Every bean has its black. Nemo sine vitiis nascitur, “everyone
has his faults.” The bean has a black eye. (Ogni grano ha la sua
He has found the bean in the cake,
he has got a prize in the lottery, has come to some unexpected good
fortune. The allusion is to twelfth cakes in which a bean is buried.
When the cake is cut up and distributed, he who gets the bean is the
slang for property, money, is the French biens, goods.
A bean' = a guinea, is in Grose.
Like a beane [alms-money] in a monkeshood.
(See Barristers' Gowns.)
Pythagoras forbade the use of beans to his disciples- not the use
of beans as a food, but the use of beans for political elections.
Magistrates and other public officers were elected by beans cast by the
voters into a helmet, and what Pythagoras advised was that his
disciples should not interfere with politics or “love beans” —i.e.
Aristotle says the word bean means venery, and that the
prohibition to “abstain from beans” was equivalent to “keeping the body chaste.”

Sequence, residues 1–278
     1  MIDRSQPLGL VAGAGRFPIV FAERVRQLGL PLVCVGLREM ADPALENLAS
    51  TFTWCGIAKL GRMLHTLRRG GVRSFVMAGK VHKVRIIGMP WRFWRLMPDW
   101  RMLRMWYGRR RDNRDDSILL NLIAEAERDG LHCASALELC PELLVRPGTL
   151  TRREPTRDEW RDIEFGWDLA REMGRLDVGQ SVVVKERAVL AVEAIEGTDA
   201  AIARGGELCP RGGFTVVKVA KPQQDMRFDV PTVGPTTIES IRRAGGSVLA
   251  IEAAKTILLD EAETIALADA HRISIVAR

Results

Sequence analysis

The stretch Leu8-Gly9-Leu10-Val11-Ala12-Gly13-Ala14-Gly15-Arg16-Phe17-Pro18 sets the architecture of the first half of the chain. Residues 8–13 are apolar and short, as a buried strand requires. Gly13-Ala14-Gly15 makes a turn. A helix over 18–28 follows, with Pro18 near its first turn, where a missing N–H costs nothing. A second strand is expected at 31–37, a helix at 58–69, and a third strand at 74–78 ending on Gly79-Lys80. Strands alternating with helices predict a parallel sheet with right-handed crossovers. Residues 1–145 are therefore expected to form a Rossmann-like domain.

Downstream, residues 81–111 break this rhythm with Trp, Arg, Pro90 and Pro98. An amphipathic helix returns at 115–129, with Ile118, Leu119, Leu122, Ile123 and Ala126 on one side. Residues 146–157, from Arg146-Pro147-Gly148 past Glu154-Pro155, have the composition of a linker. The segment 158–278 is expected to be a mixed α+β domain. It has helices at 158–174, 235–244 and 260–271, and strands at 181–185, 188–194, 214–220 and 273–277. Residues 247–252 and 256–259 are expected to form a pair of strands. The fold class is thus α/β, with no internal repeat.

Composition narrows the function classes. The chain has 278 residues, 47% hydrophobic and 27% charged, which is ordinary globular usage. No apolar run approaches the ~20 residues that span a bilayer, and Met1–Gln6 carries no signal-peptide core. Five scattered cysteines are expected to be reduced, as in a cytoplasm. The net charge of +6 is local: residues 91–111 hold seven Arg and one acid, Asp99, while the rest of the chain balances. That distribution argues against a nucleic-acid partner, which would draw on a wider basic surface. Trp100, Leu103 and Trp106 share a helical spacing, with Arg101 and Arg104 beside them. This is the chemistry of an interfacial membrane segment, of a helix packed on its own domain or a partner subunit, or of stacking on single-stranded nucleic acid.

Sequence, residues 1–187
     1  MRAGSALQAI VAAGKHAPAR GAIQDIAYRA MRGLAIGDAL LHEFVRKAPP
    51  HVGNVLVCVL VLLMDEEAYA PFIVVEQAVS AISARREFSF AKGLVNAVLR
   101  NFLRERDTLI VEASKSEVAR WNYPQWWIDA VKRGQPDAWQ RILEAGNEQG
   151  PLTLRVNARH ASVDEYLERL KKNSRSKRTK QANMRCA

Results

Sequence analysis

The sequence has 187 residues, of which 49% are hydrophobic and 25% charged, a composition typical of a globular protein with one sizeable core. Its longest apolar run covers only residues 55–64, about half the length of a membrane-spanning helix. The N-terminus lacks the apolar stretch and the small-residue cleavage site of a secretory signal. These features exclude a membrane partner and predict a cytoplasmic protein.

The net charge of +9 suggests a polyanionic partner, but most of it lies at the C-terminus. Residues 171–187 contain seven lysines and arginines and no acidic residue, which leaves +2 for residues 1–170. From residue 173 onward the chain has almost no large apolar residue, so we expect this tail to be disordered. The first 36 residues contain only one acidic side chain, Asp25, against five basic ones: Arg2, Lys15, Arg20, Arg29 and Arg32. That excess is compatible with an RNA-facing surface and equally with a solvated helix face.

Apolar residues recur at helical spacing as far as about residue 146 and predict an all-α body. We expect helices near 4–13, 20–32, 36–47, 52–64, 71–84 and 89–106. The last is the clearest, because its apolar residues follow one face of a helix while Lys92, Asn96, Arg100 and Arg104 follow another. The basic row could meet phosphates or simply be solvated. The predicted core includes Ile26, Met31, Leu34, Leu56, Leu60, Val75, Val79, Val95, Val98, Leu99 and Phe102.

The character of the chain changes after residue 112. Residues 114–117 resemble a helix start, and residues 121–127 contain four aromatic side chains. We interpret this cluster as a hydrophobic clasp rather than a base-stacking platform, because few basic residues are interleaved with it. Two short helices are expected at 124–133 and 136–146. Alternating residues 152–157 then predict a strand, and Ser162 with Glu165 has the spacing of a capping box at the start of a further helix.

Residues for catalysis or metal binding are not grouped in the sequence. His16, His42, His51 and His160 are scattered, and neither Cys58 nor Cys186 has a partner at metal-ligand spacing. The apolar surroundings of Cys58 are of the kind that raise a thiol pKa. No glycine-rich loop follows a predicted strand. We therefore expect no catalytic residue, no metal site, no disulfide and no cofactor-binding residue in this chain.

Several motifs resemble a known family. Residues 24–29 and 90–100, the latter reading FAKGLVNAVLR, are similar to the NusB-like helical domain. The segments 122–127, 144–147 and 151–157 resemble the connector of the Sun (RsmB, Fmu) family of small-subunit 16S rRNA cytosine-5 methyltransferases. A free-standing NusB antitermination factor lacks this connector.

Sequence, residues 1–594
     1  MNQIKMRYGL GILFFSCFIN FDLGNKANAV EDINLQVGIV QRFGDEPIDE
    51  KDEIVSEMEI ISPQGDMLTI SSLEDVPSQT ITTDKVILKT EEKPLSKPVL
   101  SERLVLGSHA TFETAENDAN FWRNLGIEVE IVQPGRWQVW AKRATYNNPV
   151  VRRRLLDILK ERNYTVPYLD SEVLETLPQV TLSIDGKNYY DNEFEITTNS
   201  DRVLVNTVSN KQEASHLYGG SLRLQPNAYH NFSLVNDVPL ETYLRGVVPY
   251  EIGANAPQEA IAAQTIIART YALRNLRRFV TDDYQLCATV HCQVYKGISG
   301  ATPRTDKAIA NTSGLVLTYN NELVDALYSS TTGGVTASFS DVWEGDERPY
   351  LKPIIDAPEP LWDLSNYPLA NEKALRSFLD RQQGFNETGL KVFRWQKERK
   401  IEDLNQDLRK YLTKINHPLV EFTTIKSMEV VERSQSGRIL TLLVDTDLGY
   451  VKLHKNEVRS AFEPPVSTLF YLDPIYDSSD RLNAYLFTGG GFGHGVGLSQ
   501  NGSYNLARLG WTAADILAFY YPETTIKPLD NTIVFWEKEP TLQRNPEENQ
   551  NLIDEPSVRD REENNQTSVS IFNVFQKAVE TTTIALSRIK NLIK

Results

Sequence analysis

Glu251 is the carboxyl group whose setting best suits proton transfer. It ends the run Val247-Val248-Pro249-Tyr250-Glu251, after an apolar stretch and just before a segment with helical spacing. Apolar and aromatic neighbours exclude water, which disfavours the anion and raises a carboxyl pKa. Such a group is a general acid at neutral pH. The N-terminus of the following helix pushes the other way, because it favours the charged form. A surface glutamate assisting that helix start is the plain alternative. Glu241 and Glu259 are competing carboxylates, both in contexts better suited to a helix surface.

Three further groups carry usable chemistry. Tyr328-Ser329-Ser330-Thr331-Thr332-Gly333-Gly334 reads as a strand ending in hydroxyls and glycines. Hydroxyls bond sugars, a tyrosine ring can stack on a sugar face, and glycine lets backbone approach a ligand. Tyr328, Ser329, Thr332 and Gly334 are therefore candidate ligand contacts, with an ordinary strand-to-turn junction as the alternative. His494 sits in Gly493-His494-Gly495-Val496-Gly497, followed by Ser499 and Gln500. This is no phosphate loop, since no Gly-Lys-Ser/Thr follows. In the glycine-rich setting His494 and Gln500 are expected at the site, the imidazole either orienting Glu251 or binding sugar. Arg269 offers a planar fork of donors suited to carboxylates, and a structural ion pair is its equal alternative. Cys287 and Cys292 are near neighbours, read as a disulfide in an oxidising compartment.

The French have the proverb, “If he gives me peas I will give him beans,” S'il me donne des pois, je lui donnerai des fèves, i.e.
I will give him tit for tat, a Rowland for an Oliver.
Beans are in flower, les fèvres fleurissent,
and this will account for your being so silly. Our forefathers
imagined that the perfume of the flowering bean was bad for the head,
and made men silly or light-headed. He knows how many beans go to make up five.
He is “up to snuff;” he is no fool; he is not to be
imposed upon. The reference is to the ancient custom of moving beans in
“I was a fool, I was, and didn't know how many beans make five [that
is how many beans must be moved to make up five].” —Farjeon.
“Few men better knew how many blue beans it takes to make five.” —Galt.
Blue Beans: “Three blue beans in a blue bladder.” A rattle for
F. Hark! does it rattle?
S. Yes, like three blue beans in a blue bladder.
Old Fortunatus (Ancient Dramas), iii. p. 128.
“Blue beans” are bullets or shot. Three small bullets or large shot
in a bladder would make a very good rattle for a child. (See
Full of beans.
Said of a fresh and spirited horse. To get beans.
I'll give him beans.
A licking; a jolly good hiding. A very common phrase. Probably from
the French referred to above, meaning as good as I got; “beans for his peas.”
Source: Dictionary of Phrase and Fable, E. Cobham Brewer, 1894